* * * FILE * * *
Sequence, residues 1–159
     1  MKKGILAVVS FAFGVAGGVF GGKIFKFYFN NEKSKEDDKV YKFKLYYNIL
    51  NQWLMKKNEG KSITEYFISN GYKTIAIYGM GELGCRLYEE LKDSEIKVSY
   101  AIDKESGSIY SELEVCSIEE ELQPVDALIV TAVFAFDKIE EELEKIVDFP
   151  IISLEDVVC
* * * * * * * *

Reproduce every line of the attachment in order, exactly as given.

Sequence, residues 1–159
     1  MKKGILAVVS FAFGVAGGVF GGKIFKFYFN NEKSKEDDKV YKFKLYYNIL
    51  NQWLMKKNEG KSITEYFISN GYKTIAIYGM GELGCRLYEE LKDSEIKVSY
   101  AIDKESGSIY SELEVCSIEE ELQPVDALIV TAVFAFDKIE EELEKIVDFP
   151  IISLEDVVC